But in the end, I failed you.
LISTER: Why didn't you go on the arks with the rest of the Cats?
PRIEST: They left us behind.  The sick and the lame.  Left us to die.
  But then the boy was born to the cripple and the idiot.
CAT: What idiot?
PRIEST: Your father, boy.
CAT: My father was a jelly-brain?
PRIEST: Yes, that's why he ate his own feet.
CAT: I did wonder.
PRIEST: But, as one by one we died, my faith died also.  You tested me,
  Cloister, and I failed you.
LISTER: Oh, no.  You didn't fail, old man.  You passed!  I'm giving you
  ... I'm giving you an A+ distinction.
PRIEST: You ... you mean there's a place for me on Fyushal?
LISTER: A place?  Got your own bathroom, own suite, cork floors, your own
  barbecue on the patio, double glazing, a phone, everything!
PRIEST: (Horrified) My hat!  I've burned my sacred hat!
LISTER: No you haven't!  (Grabs it off of CAT's head and replaces it on
  the priest's.)
PRIEST: A miracle!  (Tries to stand up.) This is the happiest day of my
  -- uh -- aaahhh--

The priest suddenly collapses back on the bed, as dead as some doodoo.
LISTER sits down, appalled.  CAT puts his arm around Lister's shoulders.

CAT: Did I ever tell you about my feet?  My investigating feet?  Once
  upon a time, there was an old man...

19 Model Shot.

Red Dwarf in space.

20 Int. Observation room.

RIMMER watches eagerly as LISTER prepares to open the pod.

LISTER: Well?  Are you ready for this, Rimmer?
RIMMER: Open it!  Open it!

LISTER opens a hatch in the pod.

RIMMER: Well?  What's there?
LISTER: Are you *sure* you're ready for this, Rimmer?
RIMMER: Yes, come on, you gimboid!

LISTER reaches into the pod, and pulls out a plucked chicken, somewhat
the worse for having spent god and/or Cloister knows how long in a
garbage pod.  LISTER holds the chicken well away from his face, and holds
his nose.

RIMMER: Incredible!  A stupendous moment in my own personal history!  The
  perfectly preserved remains of a Quagaar warrior!
LISTER: Yeah, right, Rimmer.  Absolutely.
RIMMER: They must have looked something like ... a roast chicken.
  (Eventually a slightly puzzled expression appears on his face.)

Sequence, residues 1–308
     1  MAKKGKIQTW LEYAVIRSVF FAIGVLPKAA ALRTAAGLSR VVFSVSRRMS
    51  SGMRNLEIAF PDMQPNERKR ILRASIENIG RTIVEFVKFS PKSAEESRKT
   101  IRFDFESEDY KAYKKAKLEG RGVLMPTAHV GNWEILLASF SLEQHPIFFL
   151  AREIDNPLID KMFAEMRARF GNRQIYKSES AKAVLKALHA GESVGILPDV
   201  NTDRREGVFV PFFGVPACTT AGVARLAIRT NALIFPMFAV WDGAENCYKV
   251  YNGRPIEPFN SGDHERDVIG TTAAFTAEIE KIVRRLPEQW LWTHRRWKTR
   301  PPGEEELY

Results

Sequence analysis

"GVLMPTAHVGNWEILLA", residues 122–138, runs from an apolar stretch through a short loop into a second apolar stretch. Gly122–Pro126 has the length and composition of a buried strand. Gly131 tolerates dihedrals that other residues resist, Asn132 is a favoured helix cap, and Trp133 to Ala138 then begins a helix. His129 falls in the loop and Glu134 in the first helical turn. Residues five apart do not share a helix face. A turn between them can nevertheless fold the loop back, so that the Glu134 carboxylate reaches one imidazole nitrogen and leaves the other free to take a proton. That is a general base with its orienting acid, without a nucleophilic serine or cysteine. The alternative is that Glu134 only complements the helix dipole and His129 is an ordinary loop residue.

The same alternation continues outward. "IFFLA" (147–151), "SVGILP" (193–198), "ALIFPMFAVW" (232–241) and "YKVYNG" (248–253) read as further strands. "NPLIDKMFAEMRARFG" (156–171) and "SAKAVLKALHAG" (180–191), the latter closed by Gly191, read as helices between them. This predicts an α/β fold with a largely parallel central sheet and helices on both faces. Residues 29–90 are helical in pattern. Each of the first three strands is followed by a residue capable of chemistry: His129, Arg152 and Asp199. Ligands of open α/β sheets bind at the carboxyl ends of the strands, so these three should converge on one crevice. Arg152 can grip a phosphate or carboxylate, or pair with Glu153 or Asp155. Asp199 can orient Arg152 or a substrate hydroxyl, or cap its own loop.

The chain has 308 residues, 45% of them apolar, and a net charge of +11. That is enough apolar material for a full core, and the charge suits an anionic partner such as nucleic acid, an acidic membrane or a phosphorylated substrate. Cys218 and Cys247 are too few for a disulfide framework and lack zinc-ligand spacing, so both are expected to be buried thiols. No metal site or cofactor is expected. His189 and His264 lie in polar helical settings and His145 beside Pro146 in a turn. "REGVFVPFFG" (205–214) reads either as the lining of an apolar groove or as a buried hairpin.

Cut to end credits.  At one point, the music stops and the picture

RIMMER: (VO) It's a garbage pod!

Resume music and pictures.  After a bit, they stop again.



                                Rimmer  Chris Barrie
                                Lister  Craig Charles
                                   Cat  Danny John-Jules
                                 Holly  Norman Lovett
                            Cat Priest  Noel Coleman
                               Toaster  John Lenahan
                            Written by  Rob Grant
                                        Doug Naylor
                                 Music  Howard Goodall
           Developed for Television by  Paul Jackson Productions
                      Graphic Designer  Mark Allen
               Visual Effects Designer  Peter Wragg
                      Properties Buyer  Duncan Wheeler
               Assistant Floor Manager  Dona Distefano
                  Production Assistant  Alison Thornber
                          Unit Manager  Mario Dubois
                    Production Manager  George R. Clarke
                      Costume Designer  Jacki Pinks
                      Make-up Designer  Suzanne Jansen
                          Vision Mixer  Jill Dornan
                     Camera Supervisor  Mike Jackson
                Technical Co-ordinator  Ron Clare
                      Videotape Editor  Ed Wooden
                     Lighting Director  John Pomphrey
                      Sound Supervisor  Tony Worthington
                              Designer  Paul Montague
                    Executive Producer  Paul Jackson
                Produced & Directed by  Ed Bye



... Ross Smith (Wanganui, New Zealand) ... ...
"Remember when we said there was no future? Well, this is it."  (Blank Reg)